Staying hydrated is one of the most important things a hockey player needs to keep in mind– whether during practice or a game. It may seem straightforward but often we may be dehydrated without even realising it. The answer to staying hydrated is to ensure you are long before your body gives you a “sign” that you need water.


Dehydration is the end result when exercise, sun and other activities cause us to lose the main producers of energy in our bodies – water, electrolytes and carbohydrates. Without these, we often experience a slump or lack of energy, preventing us from being able to give every task our best.


In order to prevent dehydration, we need to be conscious of our water intake. We have put together a water schedule that you can follow to keep you hydrated all day.

  1. Two hours before exercise, try to drink two glasses (500 ml) of water.
  2. During exercise, drink about half a glass (125 ml) every 15 minutes – do not wait until you are thirsty, as this may make your dehydration even worse.
  3. After exercise, use your body weight to determine how much water you need. It may require weighing yourself before and after practice. Make sure you drink two glasses (500 ml) per half a kilogram of body weight lost. The weight lost during exercise is water weight, so if you have lost 500g then drink two cups and vice versa.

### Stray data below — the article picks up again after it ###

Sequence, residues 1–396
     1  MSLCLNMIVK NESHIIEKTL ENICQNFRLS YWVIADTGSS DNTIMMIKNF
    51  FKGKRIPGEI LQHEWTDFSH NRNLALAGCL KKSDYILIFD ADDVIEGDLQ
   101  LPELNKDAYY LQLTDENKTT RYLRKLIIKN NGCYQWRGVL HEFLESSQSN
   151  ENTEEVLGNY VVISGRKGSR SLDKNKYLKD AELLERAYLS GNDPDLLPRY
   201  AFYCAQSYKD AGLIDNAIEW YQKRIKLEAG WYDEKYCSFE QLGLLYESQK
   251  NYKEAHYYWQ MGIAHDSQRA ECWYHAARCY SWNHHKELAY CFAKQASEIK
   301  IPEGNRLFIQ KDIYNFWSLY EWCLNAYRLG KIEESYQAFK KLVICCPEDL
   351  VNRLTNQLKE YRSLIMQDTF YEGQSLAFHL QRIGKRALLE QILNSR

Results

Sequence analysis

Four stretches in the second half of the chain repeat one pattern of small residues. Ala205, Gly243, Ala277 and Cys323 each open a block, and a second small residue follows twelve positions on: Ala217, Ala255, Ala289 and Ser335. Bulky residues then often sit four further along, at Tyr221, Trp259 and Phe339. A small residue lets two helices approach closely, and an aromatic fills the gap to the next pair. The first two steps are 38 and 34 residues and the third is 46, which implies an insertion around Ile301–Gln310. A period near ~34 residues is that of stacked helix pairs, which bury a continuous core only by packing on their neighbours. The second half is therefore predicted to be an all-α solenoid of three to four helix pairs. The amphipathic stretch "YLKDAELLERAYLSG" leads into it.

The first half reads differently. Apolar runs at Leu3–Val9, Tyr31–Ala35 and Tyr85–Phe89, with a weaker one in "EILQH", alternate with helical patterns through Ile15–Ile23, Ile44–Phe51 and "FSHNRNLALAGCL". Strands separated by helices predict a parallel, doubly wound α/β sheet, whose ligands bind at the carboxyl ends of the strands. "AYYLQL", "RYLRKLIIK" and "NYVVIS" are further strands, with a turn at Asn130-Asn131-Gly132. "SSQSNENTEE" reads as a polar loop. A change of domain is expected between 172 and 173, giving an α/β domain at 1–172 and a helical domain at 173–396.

Avoid energy drinks before or during a match, as they are most often loaded with sugar and cause a severe energy slump once the initial, desired energy boost is over. Try avoiding fizzy, sugary or energy drinks as they can dehydrate the body. Water or coconut water (with no added sugar) are better choices as they are low in calories and are naturally refreshing. Try to avoid drinks like milk or fruit juices as their carbohydrate content is too high and can cause an upset stomach.

For a homemade, healthier version of an energy drink, try the recipe below:


  • ¼ cup lime juice
  • ¼ cup lemon juice
  • 1 ½ to 2 cups fresh water
  • 1/8 tsp. salt
  • 2 tbsps. Honey



  1. Place everything into a blender, and mix until the honey has dissolved. Pour into glass or juice bottle and add ice. Drink when needed.



Good hydration minimises the risk of a player getting a cramp and increases their mental alertness, so make sure that your players are drinking enough water before, during and after a match. Look out for signs of dehydration in your players – the most visually obvious of which is dizziness – and ask them if they have a headache or are feeling thirsty during practice. Make sure you remind your players to drink often during sessions, and that they shouldn’t wait until they are thirsty. Younger players (9-12 years old) should be sipping from water every 20 minutes in order to replenish themselves.